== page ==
Photo/IllutrationYokozuna Wajima performs the "dohyo-iri" (ring entering) ceremony. (Asahi Shimbun file photo)

Former yokozuna Wajima, who died on Oct. 8 at age 70, often got similar-sounding words and expressions mixed up, eliciting mock groans or chuckles from people who heard his mistakes.

When I was a schoolboy, “playing Wajima” was a popular game among sumo fans.

For instance, “nekojita,” which translates literally as “cat’s tongue,” means being unable to handle hot food or drink. And “nekoze,” or “cat’s back,” is an idiom for round-shouldered.

We boys would deliberately misuse these expressions by interchanging them. Another example would be saying “cholesterol” instead of “collect call.”

But so invincible was Wajima on the dohyo, his goofy slips of the tongue came across as charming and pretty cool.

Wajima was promoted to ozeki simultaneously with Takanohana (1950-2005), and the two ushered in an exciting era that was called “Ki-Rin”--one way of pronouncing the kanji for “Taka” and “Wa,” respectively.

After his elevation to the highest rank of yokozuna, he and Kitanoumi (1953-2015), his same-rank rival who was five years his junior, established the “Rin-Ko” era.

Wajima sported a golden “mawashi” belt. The color was definitely unorthodox, and so was his style of sumo itself.

Disproving the sport’s axiom that “grabbing the opponent’s mawashi over his arm is the proper way to win, never by an underarm throw,” Wajima perfected the technique of downing his opponent with a powerful underarm throw from the left.

His flashy lifestyle also drew attention. He drove to tournament sites in top-of-the-line imported cars and spent money at fancy nightclubs in Tokyo’s posh Ginza district like there was no tomorrow.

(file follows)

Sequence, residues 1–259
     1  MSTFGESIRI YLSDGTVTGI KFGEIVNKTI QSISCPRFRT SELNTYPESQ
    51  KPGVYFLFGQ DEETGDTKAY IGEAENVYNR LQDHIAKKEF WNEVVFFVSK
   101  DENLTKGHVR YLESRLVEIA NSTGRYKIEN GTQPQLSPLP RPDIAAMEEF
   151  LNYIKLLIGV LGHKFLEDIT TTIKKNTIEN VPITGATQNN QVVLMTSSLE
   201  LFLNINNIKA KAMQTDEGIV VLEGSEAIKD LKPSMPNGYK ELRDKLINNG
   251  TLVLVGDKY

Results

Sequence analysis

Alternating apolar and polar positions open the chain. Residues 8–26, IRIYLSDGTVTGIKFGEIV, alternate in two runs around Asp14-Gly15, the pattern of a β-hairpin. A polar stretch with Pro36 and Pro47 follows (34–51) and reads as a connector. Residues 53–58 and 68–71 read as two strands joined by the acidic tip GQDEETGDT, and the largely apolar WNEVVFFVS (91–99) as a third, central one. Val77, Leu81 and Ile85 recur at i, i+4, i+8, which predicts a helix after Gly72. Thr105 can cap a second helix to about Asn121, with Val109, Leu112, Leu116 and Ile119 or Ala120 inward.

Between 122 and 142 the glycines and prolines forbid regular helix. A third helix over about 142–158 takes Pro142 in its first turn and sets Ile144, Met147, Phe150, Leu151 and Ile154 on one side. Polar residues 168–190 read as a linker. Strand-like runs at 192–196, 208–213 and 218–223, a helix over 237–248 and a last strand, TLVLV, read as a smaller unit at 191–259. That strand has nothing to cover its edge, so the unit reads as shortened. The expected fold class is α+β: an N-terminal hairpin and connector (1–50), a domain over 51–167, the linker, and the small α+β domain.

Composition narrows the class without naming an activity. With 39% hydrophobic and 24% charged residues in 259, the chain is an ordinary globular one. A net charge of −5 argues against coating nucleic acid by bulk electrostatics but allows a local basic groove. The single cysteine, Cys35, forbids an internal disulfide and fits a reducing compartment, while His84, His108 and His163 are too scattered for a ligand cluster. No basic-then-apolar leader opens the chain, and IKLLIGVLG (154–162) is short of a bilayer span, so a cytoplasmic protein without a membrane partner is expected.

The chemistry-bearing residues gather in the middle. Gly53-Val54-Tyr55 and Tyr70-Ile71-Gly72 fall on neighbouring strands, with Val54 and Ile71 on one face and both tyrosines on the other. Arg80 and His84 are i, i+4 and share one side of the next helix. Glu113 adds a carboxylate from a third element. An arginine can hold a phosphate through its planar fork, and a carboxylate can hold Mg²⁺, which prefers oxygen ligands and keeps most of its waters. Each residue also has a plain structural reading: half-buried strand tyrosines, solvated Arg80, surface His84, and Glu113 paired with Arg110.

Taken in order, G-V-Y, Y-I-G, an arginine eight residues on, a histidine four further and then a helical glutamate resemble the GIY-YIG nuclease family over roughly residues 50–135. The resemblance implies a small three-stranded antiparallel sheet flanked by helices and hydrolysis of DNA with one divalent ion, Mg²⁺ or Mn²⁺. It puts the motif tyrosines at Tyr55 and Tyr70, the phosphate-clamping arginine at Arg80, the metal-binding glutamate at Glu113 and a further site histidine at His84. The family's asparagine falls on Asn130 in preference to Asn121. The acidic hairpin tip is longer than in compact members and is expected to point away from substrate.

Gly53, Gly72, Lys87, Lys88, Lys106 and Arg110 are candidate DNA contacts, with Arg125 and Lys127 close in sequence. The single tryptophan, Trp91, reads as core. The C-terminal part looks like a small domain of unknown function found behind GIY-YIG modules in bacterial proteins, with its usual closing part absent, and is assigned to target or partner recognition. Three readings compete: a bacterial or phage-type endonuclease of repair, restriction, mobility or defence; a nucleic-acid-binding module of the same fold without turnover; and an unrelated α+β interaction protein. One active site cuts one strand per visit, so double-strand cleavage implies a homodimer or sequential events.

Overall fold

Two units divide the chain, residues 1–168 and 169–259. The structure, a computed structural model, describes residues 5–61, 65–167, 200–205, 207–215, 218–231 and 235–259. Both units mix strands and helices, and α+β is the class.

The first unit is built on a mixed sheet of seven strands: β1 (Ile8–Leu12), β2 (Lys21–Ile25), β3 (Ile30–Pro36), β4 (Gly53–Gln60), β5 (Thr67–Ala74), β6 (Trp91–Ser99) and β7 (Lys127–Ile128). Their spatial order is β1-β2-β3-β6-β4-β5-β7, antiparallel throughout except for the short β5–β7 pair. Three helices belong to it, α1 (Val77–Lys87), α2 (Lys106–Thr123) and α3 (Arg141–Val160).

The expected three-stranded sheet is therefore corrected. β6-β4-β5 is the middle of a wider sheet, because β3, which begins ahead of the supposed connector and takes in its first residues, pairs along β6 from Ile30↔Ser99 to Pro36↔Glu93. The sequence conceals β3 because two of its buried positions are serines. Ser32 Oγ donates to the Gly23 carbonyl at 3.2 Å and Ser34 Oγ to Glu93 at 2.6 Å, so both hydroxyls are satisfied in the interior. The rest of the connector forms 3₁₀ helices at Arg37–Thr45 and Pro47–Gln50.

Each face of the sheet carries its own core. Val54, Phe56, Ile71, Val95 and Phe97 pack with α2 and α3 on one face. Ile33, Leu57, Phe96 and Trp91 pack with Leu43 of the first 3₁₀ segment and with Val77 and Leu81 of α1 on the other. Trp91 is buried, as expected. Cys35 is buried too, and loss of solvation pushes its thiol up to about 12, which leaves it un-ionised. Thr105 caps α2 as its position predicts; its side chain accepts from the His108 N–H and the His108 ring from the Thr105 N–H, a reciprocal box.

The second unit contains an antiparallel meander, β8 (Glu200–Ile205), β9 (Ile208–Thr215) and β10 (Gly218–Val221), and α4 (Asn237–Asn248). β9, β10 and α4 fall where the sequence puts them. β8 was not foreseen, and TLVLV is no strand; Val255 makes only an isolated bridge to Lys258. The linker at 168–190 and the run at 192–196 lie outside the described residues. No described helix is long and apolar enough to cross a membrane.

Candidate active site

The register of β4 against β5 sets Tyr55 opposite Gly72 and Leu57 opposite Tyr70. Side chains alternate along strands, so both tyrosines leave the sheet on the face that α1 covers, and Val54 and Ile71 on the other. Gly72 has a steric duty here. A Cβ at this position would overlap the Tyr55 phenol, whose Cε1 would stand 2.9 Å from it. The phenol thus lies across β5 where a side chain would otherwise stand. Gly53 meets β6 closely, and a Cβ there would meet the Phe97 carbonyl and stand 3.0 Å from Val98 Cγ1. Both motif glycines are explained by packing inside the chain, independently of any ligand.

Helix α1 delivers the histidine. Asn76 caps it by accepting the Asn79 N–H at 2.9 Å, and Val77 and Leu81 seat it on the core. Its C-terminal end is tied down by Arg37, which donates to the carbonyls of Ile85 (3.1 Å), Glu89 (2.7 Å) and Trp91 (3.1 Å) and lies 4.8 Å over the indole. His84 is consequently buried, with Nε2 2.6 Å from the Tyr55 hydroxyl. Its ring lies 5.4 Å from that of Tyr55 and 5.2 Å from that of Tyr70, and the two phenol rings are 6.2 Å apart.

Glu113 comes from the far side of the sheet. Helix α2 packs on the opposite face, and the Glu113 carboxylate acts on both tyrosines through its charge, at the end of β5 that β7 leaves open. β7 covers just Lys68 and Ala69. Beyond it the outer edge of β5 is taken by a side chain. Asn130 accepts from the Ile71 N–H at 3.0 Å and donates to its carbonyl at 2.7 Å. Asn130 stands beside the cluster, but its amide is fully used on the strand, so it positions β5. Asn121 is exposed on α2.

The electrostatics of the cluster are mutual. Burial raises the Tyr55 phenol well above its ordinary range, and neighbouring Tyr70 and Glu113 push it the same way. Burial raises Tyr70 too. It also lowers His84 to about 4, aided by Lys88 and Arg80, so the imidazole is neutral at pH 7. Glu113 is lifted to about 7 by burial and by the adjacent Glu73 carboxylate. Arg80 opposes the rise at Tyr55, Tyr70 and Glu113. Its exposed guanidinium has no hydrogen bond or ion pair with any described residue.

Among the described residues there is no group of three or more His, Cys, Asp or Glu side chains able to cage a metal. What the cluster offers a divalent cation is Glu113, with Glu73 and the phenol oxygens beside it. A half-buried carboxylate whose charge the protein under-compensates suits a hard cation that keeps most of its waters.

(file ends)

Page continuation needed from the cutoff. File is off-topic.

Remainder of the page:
Totally unapologetic, he would simply say: “It’s all my money. What’s wrong with that?”

But in his post-retirement life, he was a pathetic sight at times. He tried his hand at pro-wrestling, wearing his trademark golden pants. He also promoted himself as an entertainment personality.

There was not a vestige of his gravitas from his yokozuna years, which saddened his former fans.

Until his final years, Wajima cared deeply about Ishikawa Prefecture, the place of his birth. He made frequent visits to the prefecture while he was still active in sumo and tried to instill love of the sport in local children.

He donated a dohyo to the primary school he had attended, and coached sumo camps for junior high school students at his alma mater.

His post-sumo life was anything but smooth, but Wajima never lost his sunny optimism.

He once told The Asahi Shimbun: “I don’t like to talk about adversity. Life is like a meal--sometimes delicious, sometimes unappetizing.”

I will never forget these words.

--The Asahi Shimbun, Oct. 10

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Vox Populi, Vox Dei is a popular daily column that takes up a wide range of topics, including culture, arts and social trends and developments. Written by veteran Asahi Shimbun writers, the column provides useful perspectives on and insights into contemporary Japan and its culture.